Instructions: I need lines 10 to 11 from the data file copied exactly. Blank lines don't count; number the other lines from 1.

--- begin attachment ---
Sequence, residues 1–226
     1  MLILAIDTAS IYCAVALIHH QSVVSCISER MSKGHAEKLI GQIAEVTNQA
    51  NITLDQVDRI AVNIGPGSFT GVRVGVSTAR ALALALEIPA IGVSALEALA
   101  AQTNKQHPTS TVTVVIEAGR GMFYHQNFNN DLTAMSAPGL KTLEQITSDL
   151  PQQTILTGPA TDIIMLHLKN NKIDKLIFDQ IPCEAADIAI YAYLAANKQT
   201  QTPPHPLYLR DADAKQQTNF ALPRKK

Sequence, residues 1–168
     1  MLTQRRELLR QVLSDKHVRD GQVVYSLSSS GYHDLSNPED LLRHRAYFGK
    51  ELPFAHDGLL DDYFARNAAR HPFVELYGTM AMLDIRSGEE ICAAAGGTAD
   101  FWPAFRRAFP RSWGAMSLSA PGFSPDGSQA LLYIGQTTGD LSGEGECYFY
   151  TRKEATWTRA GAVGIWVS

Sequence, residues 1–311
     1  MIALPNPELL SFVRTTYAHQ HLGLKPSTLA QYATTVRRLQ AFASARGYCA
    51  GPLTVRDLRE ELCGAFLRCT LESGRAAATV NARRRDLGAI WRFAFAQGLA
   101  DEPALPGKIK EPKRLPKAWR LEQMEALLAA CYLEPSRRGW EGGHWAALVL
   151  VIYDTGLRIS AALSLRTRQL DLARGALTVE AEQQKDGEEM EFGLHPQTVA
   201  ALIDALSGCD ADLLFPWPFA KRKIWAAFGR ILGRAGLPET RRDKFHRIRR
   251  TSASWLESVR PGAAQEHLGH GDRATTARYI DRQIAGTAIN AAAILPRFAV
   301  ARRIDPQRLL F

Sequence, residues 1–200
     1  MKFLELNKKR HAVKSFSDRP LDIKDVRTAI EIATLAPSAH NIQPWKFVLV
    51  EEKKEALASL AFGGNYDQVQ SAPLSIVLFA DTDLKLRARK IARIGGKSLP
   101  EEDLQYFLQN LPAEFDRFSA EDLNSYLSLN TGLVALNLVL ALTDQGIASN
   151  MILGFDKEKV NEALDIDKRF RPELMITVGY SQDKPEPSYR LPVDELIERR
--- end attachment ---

   101  FWPAFRRAFP RSWGAMSLSA PGFSPDGSQA LLYIGQTTGD LSGEGECYFY
   151  TRKEATWTRA GAVGIWVS